With the death of a loved one comes an avalanche of responsibilities that can be hard to navigate, especially in the midst of grief. In this difficult moment, it’s important to have someone on your side that can help answer questions and guide you through the long legal process that accompanies a loved one’s passing.
This legal process can be even more difficult when a will is involved. At Heban, Murphree & Lewandowski, LLC, we take the time to answer your questions and navigate the law during a stressful time. Today, we’re here to answer your questions about wills and their execution.
This seemingly simple task can be more complex if the will wasn’t filed with an attorney. A will can often be found in a safe at home or at a probate court. There may be several versions of a will, so make sure the most recent is filed.
If you want to know when a will is executed, here’s the short answer—processing an inheritance is one of the last tasks put before the executor of a probate estate. The elaborate answer tells us how we get to that point and what you should expect.
Before a will can be executed, probate must take place. This legal process begins once the deceased passes. This process encompasses a number of steps. The first step is verifying that the deceased has a valid, authentic will. This is usually completed without difficulty. The will is filed and the court can decide to put it into effect. The executor of the will is in charge of this process. Because most states have self-proving wills, no trail or evidence is required.
Next, heirs and beneficiaries are notified. During this time, a will can be contested if any parties believe it is not valid. If no issues are brought forth, the process of identifying and inventorying the deceased individual’s belongings will begin. Assets are appraised and debts are reported so that a final value can be attributed to the estate.
State probates use what is called a date-of-death value that determines the deceased’s asset value. The court will require an all-inclusive list of the property owned by the deceased. That property must be paired with its date-of-death appraised value. If a beneficiary sells any portion of their inheritance, that value is used to calculate the capital gains tax.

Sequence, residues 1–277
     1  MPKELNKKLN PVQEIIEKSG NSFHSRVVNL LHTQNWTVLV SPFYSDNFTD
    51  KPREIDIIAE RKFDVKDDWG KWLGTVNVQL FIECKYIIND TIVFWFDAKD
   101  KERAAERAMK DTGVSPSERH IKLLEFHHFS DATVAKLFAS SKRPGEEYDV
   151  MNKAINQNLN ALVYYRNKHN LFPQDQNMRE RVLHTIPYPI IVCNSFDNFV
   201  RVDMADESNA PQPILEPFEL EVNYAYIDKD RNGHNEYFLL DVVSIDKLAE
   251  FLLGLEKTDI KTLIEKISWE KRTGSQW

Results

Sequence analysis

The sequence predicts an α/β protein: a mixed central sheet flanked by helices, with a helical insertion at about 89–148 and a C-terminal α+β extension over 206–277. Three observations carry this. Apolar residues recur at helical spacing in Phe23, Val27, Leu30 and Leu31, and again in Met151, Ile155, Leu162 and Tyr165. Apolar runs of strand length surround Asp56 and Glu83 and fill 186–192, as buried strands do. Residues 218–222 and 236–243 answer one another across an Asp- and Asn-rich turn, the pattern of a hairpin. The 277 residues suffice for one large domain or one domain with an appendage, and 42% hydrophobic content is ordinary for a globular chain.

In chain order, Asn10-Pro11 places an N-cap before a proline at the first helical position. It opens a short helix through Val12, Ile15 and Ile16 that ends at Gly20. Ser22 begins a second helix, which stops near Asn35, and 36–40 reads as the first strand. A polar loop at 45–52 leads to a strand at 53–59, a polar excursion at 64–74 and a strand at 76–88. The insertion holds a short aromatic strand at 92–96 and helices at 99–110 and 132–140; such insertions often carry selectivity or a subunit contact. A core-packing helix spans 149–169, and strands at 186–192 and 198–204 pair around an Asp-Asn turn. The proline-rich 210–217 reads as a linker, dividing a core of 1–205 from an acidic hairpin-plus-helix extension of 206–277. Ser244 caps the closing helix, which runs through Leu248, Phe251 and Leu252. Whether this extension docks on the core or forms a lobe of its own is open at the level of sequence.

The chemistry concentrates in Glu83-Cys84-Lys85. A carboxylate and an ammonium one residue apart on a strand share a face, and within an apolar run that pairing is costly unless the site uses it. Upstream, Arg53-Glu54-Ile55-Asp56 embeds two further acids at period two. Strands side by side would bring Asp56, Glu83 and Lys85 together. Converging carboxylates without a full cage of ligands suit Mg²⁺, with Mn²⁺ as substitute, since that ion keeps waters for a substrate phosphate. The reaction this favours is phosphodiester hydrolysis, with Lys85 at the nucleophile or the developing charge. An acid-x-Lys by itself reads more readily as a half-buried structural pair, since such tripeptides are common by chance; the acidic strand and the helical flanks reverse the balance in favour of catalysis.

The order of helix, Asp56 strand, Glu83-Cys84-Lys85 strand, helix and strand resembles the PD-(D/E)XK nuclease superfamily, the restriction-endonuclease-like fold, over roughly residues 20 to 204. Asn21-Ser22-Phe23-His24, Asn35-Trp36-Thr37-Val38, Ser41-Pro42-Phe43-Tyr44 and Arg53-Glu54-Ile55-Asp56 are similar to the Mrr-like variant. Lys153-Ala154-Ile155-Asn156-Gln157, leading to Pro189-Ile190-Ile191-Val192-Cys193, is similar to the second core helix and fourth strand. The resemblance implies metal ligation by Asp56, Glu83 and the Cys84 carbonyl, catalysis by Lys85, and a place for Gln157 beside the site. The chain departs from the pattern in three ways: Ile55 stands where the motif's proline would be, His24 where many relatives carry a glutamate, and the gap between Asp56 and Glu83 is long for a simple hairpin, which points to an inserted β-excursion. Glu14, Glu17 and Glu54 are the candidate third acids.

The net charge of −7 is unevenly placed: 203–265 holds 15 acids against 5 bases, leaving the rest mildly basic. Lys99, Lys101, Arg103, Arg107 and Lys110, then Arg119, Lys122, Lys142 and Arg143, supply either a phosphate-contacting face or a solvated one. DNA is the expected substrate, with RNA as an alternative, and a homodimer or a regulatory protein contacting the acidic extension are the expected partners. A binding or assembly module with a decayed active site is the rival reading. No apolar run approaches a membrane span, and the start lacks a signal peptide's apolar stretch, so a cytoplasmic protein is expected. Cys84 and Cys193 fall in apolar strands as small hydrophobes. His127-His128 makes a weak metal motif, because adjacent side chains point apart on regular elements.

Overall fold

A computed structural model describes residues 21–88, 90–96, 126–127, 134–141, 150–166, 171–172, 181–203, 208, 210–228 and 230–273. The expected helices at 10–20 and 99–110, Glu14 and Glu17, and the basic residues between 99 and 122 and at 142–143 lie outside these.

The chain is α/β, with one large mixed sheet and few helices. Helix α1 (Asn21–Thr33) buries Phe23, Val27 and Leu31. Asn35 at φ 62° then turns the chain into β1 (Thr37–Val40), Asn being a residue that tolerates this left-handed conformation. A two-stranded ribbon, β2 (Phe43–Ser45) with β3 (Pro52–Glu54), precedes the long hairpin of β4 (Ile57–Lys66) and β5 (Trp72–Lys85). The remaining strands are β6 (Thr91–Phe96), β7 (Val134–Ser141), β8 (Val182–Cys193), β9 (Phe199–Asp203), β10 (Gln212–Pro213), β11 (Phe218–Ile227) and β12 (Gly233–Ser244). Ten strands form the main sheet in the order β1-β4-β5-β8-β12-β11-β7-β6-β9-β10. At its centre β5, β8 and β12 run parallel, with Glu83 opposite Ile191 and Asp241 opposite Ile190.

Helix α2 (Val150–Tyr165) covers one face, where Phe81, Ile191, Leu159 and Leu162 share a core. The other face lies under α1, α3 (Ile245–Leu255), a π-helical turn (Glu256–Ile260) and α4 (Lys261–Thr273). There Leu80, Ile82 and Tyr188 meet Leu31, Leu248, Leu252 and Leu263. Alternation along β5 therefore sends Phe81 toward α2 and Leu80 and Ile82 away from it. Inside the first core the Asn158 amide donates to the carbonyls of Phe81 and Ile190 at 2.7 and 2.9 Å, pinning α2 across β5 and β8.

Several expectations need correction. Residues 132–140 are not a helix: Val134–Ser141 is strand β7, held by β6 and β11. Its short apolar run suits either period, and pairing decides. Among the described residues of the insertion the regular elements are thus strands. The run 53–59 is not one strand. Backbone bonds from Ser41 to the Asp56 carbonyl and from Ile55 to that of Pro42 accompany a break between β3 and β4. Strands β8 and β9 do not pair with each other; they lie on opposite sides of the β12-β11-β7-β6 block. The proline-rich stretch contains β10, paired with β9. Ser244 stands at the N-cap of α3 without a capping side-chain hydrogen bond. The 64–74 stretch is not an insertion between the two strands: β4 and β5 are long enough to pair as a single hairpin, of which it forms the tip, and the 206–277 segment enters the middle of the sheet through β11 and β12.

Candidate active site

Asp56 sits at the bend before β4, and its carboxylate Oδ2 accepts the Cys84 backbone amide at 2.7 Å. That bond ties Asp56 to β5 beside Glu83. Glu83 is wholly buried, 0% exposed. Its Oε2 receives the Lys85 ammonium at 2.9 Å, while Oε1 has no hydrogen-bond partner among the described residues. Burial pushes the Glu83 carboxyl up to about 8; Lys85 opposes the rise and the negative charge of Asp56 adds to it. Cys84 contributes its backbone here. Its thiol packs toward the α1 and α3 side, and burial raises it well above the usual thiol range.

Before the probate process can continue, all debts must come to a close. This includes ongoing administration expenses for an estate or trust. These final bill collectors also include federal and state estate tax returns and inheritance taxes. Estates typically cannot close when taxes are owed without written consent from a taxing authority.
All potential creditors are required to be informed by the estate executors. This generally means a newspaper notice must be made with instructions on how to make a claim to the estate for debts owed. This notice must be in addition to notices sent out to debts that the estate is aware of.
Generally, three to nine months are given, depending on the state’s laws, for claims to be made. The estate is then given a chance to consider whether or not a claim should be paid. If a decision cannot be made, a court will intervene. If the courts intervene, additional inheritance delays will occur.
The distribution step in the estate process is the final step for a reason. This prevents any liability toward executors or trustees for unpaid bills, taxes, or other debts. Once the final petition is filed, the assets in the account are distributed by the terms indicated in the final will.
The entire probate process can be delayed for a number of reasons. For instance, if the initial court filing runs into document verification issues, the process can slow. That’s why it’s important to file immediately and with the help of a law firm experienced with the probate process like HML.
If the will is contested by a beneficiary, there can be a substantial delay. Furthermore, the larger and more valuable the estate, the more likely it will be delayed during probate. Additional creditors and debts can add up to more paperwork and long wait times.
An experienced law firm can help ensure that the process goes as smoothly as possible. With the right help, a will can be processed and distributed within a few months for a simple estate, or a year for a complex estate or trust. If you live in Ohio and need legal guidance on this matter, please contact our team for a free case evaluation.